Article featured in Processor.com - July 8, 2005
Three Ways To Run Your Data Center Better
Design, Cleaning & Relocation Experts Can Be A Boon
If you have a data center, you have to staff it, run it, keep it safe from hackers, keep it safe from careless employees, make sure its not too hot, make sure its not too cold, keep it on budget, fight to increase its budget (or fend off budget cuts from nothing-but-numbers CFOs), hire vendors, fire vendors, worry about random acts of God (such as the lightning bolt that hit nothing in the near vicinity but your T1 line), and more.
You also have to design and redesign it in an ever-ongoing process. And if that weren't enough, you have to keep it clean and perhaps even move it, a job that can make even the strongest of us wince. But there are vendors who can
help? Sometimes more than you'd think. The trick, of course, is knowing if they're right for you and when to use them.
Its one thing to manage an extant data center; its another to build it from the ground up or improve its designs.
Most people, says Pete Sacco, president of PTS Data Center Solutions, don't have all the skills they need to design one of these.
Sacco argues that good data center designers are more than technologists. They pull corporate goals, budgets, project management issues, and technology into a holistic view of the process.
We focus on a balance between business objectives, the technology strategies you need to deploy, and the capacities of the property, he says, speaking of the hundreds of data center designers across the nation.
Good ones, of course, can help you find efficiencies you might not have thought of. They can help you assess the impact that server compaction might have on data center cooling, for instance. But even beyond their specialized insight, they can help you do a job that gets harder by the day.
Business manager, project manager, IT manager . . . those are just some of the hats that today's CIO is asked to wear by management, says Sacco, and he just doesn't know how to do it all.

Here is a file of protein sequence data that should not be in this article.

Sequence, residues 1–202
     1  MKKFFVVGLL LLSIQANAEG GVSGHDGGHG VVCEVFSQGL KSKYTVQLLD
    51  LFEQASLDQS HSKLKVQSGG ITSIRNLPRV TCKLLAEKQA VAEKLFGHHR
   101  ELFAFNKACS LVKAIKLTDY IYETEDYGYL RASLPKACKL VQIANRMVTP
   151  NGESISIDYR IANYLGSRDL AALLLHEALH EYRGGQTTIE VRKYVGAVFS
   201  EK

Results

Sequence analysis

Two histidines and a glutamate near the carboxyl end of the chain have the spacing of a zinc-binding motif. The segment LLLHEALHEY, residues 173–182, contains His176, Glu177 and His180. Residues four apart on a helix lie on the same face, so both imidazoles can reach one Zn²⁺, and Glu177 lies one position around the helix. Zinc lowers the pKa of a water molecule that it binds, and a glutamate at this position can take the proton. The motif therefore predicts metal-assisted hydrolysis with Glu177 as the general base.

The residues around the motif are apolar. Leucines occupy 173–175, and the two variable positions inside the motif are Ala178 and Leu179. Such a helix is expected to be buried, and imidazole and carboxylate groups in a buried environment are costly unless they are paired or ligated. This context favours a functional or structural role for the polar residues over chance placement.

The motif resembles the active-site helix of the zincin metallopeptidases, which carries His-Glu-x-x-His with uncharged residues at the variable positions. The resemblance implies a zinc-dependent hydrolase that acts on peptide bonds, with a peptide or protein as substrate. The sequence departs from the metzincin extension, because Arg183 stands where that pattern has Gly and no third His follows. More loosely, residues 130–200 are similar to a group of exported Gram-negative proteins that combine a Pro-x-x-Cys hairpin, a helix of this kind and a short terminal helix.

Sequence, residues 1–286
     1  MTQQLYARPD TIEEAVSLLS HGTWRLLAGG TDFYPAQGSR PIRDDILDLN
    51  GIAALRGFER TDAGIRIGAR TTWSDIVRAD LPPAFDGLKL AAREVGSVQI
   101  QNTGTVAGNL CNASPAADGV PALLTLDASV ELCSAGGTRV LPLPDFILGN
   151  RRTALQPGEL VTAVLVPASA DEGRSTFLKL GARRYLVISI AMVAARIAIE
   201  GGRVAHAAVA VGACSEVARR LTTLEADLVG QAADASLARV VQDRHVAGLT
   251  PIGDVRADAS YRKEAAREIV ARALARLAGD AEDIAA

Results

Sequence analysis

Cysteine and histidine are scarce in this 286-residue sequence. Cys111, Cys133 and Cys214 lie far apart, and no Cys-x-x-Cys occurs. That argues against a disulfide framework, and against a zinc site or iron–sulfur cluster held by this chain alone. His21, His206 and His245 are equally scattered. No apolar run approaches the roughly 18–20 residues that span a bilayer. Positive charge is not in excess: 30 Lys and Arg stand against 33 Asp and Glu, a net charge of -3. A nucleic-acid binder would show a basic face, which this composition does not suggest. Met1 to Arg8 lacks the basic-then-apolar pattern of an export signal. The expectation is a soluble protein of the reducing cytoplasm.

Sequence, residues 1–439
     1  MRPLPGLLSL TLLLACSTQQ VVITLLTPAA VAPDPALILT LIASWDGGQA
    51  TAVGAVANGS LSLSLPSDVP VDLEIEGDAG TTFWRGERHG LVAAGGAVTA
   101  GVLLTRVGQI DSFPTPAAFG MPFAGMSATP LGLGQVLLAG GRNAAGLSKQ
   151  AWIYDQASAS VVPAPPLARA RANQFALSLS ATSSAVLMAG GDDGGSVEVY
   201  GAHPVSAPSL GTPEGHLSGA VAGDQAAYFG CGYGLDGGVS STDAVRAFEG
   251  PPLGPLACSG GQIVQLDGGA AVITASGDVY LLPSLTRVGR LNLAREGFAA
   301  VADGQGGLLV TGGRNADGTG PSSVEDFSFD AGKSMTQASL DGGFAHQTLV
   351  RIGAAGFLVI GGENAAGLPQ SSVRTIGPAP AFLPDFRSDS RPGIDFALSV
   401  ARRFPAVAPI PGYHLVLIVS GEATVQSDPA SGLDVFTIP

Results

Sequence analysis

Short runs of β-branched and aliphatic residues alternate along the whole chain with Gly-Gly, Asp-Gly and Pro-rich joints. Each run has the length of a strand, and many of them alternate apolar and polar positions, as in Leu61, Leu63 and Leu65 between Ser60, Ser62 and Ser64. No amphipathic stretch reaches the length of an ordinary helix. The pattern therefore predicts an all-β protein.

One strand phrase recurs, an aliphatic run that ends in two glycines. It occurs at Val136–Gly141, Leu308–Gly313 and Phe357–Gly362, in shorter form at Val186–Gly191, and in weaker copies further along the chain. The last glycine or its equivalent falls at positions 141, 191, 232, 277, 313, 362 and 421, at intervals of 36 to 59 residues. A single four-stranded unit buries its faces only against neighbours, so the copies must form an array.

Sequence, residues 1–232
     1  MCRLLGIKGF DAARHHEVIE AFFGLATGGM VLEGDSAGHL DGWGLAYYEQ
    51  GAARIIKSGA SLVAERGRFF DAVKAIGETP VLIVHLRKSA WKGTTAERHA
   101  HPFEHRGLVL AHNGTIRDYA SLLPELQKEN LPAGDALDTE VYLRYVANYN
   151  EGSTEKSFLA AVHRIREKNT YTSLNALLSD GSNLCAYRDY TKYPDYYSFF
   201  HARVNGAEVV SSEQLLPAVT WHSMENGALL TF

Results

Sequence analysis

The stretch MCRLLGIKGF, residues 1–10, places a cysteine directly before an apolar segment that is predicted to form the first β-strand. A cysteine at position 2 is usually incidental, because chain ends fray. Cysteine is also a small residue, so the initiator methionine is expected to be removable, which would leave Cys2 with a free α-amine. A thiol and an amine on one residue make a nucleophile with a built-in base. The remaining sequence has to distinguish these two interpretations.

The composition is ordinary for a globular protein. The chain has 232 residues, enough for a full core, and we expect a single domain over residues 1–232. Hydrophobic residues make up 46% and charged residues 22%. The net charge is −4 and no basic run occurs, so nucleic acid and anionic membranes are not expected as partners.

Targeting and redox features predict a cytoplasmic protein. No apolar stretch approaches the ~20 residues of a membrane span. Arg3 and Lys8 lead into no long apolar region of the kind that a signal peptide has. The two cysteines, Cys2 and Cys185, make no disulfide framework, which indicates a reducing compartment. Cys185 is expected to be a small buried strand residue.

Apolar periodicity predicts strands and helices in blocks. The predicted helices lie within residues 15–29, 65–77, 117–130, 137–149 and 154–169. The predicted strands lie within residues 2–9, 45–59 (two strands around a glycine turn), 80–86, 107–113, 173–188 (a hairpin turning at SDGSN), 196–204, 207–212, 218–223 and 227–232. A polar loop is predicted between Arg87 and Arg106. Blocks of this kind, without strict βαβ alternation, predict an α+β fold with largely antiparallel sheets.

But not all consultants are equal. When choosing one, Sacco warns you to walk gingerly. There are a bunch of sources, he says, including the most expensive, such as the architecture and engineering industry. But they don't always address the modern-day technology problems in a data center.
As if that weren't enough, he notes that Data center consultants? network people, support and infrastructure people, cabling people, and all those guys who call themselves data center designers? too often have a specific focus and can't address all your needs at once. Even the big boys? Dell, IBM, and other IT giants? will help you design a data center expertly, so long as you use their products.
The bottom line? If you cant find an expert with the right all-around approach, consider doing the job yourself, especially if its a simple, small design problem.
Of course, even if you find the right designer, you still need to convince the powers that be that he's worth the cost. According to Sacco, the best way to do that is with case studies, financial impact statements, ROI examples, and reams of other hard data that hit CFOs and others deep in their financial cortex. When choosing a designer, make sure he can help you craft your argument and give you plenty of ammo to bring directly to your company's top brass.